Recent weeks have seen a rise in anti-semitic actions, a few nonsensical responses from the presidential administration, and finally an actual statement of condemnation.
This final action was a step in the right direction. It was good. It was a start.
And yet, the overwhelming response from the left seemed to be complaints about why it took so long and the lack of even more action.
In short, the President literally did exactly what had been requested of him for the past few weeks. And then was roundly criticized for not doing more.
So, I’d like to propose a change in the liberal response to the President. But in today’s political climate, I’m not sure that I can present my proposed change in a nonpartisan way that anyone will accept as valid. Therefore, I’ve created two versions of the same proposal; select the one that is skewed to your liking:
Option 1. For The Angry Liberal
We all know that Trump is a narcissistic demagogue who responds well to praise. Much like a small child. So, instead of criticizing him at every turn, pushing him to ignore critical voices entirely and rely only upon his dangerous inner circle, perhaps we could attempt to shower him with adoration when he does something right. We can then have a shot at moving from his list of enemies to his list of friendlies. And he might, someday, actually consider the feedback to be thoughtful and not “fake.” And he might act accordingly. Yes, that’s a lot of maybes, but it’s a shot. This President doesn’t have deeply-held beliefs of his own; he relies on feedback from adoring fans. Let’s use that.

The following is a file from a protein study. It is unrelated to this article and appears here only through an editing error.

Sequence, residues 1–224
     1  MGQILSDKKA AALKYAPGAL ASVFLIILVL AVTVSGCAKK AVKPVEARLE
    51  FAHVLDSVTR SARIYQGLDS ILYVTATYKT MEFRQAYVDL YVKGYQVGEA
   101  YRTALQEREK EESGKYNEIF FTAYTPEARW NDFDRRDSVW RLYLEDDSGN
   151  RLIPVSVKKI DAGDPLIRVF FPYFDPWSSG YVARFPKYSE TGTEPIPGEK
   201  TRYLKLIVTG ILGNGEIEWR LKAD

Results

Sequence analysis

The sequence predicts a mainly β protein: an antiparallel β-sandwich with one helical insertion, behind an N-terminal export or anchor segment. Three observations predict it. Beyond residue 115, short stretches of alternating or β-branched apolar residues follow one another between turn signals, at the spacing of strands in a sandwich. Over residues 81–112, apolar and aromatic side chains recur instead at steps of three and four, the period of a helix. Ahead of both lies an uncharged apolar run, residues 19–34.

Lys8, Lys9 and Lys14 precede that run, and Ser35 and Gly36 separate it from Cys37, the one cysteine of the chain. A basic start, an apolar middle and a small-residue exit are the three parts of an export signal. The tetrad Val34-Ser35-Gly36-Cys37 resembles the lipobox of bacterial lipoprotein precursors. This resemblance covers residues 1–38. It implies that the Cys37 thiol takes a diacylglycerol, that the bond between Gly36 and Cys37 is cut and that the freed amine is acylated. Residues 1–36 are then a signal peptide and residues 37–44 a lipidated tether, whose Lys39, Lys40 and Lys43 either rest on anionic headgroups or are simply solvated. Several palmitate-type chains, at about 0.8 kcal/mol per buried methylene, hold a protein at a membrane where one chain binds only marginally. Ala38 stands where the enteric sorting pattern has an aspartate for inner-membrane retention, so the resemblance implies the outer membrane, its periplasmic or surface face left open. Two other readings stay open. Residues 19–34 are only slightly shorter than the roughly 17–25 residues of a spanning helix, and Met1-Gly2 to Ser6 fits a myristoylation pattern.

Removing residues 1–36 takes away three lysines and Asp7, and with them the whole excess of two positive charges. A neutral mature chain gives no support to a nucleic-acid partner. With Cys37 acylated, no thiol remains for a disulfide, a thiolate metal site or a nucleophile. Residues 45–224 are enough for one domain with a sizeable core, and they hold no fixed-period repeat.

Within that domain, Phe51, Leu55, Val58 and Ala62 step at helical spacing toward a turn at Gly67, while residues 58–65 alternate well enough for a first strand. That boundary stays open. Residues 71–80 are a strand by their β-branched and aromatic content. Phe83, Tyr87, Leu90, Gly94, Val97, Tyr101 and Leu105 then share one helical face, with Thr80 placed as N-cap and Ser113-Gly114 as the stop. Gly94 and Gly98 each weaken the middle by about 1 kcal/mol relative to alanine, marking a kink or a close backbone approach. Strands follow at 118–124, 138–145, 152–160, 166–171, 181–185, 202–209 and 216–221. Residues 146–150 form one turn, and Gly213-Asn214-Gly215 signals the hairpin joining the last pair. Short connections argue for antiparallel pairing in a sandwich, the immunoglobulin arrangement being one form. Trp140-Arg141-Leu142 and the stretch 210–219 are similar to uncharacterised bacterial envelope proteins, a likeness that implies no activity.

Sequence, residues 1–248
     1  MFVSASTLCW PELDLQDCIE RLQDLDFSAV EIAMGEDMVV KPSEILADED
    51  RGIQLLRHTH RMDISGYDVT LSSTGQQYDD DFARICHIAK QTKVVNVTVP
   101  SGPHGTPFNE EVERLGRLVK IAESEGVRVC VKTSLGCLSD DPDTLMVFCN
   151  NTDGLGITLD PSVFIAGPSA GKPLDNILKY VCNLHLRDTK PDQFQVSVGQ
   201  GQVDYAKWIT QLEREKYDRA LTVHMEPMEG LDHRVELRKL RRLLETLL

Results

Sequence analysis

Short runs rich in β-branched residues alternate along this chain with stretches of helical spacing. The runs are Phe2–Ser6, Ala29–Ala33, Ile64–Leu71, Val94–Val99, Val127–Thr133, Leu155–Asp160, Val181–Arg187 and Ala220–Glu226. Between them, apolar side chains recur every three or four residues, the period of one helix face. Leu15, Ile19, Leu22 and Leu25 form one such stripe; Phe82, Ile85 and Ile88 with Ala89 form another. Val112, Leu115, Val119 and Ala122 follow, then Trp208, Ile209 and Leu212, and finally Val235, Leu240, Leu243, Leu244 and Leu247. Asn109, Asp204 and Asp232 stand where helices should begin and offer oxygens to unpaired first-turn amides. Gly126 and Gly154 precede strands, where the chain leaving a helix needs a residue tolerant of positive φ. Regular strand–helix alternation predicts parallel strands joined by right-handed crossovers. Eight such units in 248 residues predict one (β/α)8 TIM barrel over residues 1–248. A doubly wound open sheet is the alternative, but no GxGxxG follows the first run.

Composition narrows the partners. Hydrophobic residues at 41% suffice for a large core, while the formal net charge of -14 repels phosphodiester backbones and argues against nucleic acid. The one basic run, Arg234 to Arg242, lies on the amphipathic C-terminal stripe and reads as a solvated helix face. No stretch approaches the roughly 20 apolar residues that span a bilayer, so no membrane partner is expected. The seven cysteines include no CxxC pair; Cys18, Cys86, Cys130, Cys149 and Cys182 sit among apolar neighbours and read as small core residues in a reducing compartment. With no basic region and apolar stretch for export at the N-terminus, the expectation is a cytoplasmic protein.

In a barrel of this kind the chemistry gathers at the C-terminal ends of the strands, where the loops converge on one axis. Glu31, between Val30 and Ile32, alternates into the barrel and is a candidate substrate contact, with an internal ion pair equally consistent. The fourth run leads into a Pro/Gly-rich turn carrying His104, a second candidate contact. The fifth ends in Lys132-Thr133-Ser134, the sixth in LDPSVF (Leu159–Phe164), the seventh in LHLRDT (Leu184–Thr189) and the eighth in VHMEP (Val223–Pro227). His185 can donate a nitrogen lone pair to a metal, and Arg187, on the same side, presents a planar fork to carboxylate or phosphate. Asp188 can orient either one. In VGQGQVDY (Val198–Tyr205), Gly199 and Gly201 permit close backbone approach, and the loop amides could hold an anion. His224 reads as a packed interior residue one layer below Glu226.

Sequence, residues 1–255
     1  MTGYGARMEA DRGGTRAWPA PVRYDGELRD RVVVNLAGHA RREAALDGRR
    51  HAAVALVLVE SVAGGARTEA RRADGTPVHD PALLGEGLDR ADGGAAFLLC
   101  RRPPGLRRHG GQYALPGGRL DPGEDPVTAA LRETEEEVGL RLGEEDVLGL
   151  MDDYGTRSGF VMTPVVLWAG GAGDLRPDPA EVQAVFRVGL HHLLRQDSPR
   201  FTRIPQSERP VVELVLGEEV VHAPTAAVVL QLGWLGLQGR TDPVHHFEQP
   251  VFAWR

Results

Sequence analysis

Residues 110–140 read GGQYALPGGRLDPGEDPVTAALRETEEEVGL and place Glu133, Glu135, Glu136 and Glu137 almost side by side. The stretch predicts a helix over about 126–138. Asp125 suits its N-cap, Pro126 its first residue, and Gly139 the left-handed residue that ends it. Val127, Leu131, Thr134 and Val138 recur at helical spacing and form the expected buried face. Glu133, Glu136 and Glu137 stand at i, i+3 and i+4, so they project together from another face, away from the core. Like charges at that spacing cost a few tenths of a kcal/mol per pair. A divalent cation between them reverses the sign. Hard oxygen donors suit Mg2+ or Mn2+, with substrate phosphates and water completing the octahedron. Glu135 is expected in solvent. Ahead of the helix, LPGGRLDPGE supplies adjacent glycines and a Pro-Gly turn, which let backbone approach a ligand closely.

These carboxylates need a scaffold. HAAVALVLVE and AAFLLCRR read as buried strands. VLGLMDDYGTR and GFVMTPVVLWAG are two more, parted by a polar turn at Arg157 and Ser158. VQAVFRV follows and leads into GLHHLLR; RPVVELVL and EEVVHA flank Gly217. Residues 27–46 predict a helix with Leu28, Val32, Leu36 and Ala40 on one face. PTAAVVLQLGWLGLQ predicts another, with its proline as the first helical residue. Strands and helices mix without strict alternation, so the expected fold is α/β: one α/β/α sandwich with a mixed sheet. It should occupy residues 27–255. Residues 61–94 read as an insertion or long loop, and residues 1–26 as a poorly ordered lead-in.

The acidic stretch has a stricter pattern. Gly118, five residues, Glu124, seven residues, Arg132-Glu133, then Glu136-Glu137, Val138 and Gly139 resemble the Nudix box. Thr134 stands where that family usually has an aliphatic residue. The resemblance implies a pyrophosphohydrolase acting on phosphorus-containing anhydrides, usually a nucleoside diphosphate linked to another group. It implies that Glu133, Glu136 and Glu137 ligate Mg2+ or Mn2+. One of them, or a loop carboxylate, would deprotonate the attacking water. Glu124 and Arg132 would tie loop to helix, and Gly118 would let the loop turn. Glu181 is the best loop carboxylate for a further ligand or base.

Option 2. For The MAGA crowd
We, on the left, have been far too critical of every little thing that Trump does. Whatever he does — even this early on in his term — we meet with disdain. We instead assume that every little action is a step toward authoritarianism, autocracy, and a total meltdown of our democracy. As a result, we risk the administration and a vast swath of the country tuning us out. Let’s stop that. Instead, let’s focus on actions. If there’s an opportunity for partnership, let’s go for it. If the administration does something right, let’s actually say it. Out loud. Because if we want to encourage the administration to act toward our goals, or at least temper the rhetoric, the we need to start with our own actions.
These options may seem different, but they’re not.
At the end of the day, endless resistance to every action (even those with which we agree!) may be politically advantageous, but it’s not good for the country.
Our focus needs to remain on our United States.
I, for one, am not ready to give up on that concept quite yet.